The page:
Politics

The strange Barroso-bashing

José Manuel Barroso, EC President (Wikimedia Commons, Johannes Jansson)

José Manuel Barroso, EC President (Wikimedia Commons, Johannes Jansson)

Divorce seems to be consummated between France (or, rather, its national leaders) and José Manuel Barroso, the current President of the European Commission. Indeed, Claude Bartolone, Speaker of the French National Assembly, recently declared in Le Parisien that the ex-PM of Portugal was an outdated man. Some days before, Arnaud Montebourg, minister of Industry, even compared Barroso with Marine Le Pen, far-right Front national party’s leader and currently a non-attached MEP. 

Barroso-bashing is not really surprising insofar as it has always existed, mainly in France. Since 2004 indeed, the European Commission leader had complicated relations with France and its political leaders. Some consider him as a zealous supporter of the US government, rewarded by Tony Blair’s UK government for being in favour of the American intervention in Iraq and faithful to a free-market and hardly protected Europe, following the credo “less regulation, better regulation”. Other people see in him a wimp man, not really a defender of a federal Europe, taking care of EU national leaders prerogatives to the great displeasure of the European citizens and European integration interests, an “anti-Delors”, to sum up.

French media regularly relay and put forward this little positive image of Barroso, who does not really something to shift his reputation towards a more and more critical (even virulent) French public opinion vis-à-vis the European Union, in which the current president of the European Commission is one of the symbols.

Nonetheless, Barroso-bashing clearly has a political expression with the EP 2014 elections in sight. For the French left and the French Socialist Party (and also for the Party of European Socialists) the ex-Portuguese Premier embodies what is going wrong with the European integration. It is clearly a first-choice target and this is a subtle and clever way but unintentional to save some actors, such as the EU national leaders who are actually driving the European boat and have contributed by their choice and strategy to the Barroso-bashing in France.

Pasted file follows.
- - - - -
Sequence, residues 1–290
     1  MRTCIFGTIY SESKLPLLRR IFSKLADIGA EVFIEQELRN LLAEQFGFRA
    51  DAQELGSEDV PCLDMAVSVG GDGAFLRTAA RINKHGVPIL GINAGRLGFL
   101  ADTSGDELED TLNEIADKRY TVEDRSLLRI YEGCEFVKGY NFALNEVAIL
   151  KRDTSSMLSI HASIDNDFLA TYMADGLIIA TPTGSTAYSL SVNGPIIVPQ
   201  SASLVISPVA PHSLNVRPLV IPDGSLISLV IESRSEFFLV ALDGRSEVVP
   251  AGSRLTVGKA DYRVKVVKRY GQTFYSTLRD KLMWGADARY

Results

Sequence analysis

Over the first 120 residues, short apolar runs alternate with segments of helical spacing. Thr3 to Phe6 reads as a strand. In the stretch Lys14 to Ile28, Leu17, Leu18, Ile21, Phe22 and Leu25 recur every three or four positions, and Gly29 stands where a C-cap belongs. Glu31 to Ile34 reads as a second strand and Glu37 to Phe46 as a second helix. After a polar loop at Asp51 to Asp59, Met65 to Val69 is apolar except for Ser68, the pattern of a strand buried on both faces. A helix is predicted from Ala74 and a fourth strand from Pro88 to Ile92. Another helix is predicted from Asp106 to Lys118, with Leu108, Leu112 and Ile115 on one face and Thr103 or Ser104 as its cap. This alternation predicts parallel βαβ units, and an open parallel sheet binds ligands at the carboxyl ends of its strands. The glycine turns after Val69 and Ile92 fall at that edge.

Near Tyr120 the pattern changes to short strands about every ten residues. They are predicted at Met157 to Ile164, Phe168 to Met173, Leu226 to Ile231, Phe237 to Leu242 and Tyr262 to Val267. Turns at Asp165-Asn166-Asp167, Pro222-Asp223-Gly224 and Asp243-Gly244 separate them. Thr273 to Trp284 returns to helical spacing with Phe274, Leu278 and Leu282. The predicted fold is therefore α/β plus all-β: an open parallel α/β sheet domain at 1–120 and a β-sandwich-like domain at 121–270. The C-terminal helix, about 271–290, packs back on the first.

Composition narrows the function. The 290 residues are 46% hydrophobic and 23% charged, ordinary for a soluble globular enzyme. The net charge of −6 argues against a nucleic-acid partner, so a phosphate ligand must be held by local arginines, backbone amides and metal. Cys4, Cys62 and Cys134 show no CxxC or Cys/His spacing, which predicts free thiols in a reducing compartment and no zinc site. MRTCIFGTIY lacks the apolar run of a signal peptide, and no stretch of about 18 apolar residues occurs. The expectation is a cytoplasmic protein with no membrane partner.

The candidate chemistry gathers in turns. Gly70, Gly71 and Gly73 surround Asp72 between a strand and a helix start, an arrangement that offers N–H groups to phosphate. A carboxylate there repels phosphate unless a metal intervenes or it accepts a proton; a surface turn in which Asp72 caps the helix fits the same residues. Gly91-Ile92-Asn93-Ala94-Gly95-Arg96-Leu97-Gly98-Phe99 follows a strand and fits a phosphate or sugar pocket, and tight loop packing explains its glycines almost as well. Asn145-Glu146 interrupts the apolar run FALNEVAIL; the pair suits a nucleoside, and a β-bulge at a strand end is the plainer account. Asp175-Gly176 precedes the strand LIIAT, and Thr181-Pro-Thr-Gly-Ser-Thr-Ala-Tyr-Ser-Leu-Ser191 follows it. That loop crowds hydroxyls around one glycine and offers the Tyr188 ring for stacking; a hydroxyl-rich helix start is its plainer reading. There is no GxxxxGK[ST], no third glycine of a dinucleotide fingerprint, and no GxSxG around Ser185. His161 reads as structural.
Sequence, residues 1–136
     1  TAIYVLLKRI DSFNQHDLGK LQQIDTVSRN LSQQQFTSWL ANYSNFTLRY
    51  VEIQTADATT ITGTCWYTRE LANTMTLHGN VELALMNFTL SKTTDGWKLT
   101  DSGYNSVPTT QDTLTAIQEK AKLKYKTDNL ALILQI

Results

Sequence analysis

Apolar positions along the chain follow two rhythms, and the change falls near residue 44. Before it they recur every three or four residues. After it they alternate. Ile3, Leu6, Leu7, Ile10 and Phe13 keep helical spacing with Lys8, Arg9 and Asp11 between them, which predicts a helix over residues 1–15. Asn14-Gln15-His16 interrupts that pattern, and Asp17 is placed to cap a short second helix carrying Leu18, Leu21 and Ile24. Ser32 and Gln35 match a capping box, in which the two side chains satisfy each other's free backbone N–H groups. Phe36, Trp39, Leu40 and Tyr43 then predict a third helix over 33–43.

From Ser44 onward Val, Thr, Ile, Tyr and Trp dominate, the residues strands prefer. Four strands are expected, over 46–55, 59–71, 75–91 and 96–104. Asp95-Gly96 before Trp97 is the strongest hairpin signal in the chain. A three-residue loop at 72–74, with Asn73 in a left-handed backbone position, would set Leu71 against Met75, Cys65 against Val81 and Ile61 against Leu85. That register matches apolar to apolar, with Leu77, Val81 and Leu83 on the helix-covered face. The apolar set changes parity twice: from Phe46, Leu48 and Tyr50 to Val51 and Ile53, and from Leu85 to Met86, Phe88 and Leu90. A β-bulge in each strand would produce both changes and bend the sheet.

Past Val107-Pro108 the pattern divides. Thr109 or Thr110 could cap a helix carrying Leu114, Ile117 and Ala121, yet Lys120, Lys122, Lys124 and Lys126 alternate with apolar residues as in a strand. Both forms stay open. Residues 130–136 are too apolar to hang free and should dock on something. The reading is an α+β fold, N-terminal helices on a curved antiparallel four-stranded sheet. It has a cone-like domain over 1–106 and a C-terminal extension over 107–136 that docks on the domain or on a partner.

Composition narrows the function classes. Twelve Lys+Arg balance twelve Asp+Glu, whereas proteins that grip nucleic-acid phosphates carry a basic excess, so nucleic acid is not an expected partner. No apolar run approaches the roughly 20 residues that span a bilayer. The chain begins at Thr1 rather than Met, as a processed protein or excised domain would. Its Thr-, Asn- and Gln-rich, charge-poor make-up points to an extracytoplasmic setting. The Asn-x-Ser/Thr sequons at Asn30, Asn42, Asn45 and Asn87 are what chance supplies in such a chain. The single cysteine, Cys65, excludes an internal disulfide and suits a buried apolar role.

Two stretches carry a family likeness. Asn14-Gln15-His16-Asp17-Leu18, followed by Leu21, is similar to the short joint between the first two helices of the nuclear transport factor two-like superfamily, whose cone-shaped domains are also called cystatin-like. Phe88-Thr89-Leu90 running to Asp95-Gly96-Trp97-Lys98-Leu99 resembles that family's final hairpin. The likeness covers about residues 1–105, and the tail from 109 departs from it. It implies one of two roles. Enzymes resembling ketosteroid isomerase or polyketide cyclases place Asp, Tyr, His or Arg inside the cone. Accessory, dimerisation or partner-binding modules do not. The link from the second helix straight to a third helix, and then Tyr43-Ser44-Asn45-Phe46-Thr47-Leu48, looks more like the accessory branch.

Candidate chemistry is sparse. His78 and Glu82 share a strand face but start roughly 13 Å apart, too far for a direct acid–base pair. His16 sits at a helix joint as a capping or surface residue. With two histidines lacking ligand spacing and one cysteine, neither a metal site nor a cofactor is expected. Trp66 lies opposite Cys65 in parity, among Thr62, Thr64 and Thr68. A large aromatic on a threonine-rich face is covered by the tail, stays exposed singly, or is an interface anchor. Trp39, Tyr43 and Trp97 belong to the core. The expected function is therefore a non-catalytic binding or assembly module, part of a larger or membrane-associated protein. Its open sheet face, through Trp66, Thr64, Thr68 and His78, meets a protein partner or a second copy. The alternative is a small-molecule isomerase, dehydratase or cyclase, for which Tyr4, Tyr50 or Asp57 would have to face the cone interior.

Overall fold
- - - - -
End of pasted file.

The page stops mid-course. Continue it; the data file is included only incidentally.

The European Council, being at the core of the EU decision-making process, weakened and then put the Commission aside, the latter not acting as guardian of the treaties anymore. Although José Manuel Barroso is largely responsible, it must be reminded that EU national leaders are also accountable for having reappointed him for a second-term to the head of the European Commission in 2009. Disowned by the subprime crisis, the ex-Portuguese leader was finally backed by the European People’s Party but also by all national conservative leaders (Angela Merkel, so critical towards him nowadays, and Nicolas Sarkozy) but also by some socialist leaders like Gordon Brown and even José Socrates. The Portuguese Socialist Party leader and Prime minister justified his decision because Barroso was Portuguese. The absence of clear political strategy divided the European socialist family who had not any candidate to challenge Barroso and missed the opportunity to politicize the EP elections and tackle European Commission’s leader outcome.

So, while the 2009 European elections should have been the occasion for the European Council to take a new direction with the nomination of a new president for the European Commission, in the end national interests were superior to the European integration’s and the people’s ones. José Manuel Barroso’s personality was acceptable for most EU national leaders who did not wish a great leader being able to challenge them. In fact, even if Barroso-bashing is justified, it is only the logical result of the choices made by the national rulers considering José Manuel Barroso as a comfortable solution for them.

The 2014 EP elections should be the opportunity to think about the weight and the role the Commission (and especially its future leader) must play. On this point, the recent attitude of Martin Schulz, current socialist chairman of the European Parliament, may be interpreted as another form of Barroso-bashing insofar as he targets the European Commission leader. Even Viviane Reading, current European commissioner, seems to be distant from Barroso, expressing her views for a federal Europe at the moment a probable candidacy of the former Luxembourgian minister for the leadership of the European Commission is clearly put forward by some analysts. Waiting for it, Barroso’s detractors will have to be patient and take him into account, because his mandate to the head of the European Commission is still running till October 2014.

Gilles JOHNSON

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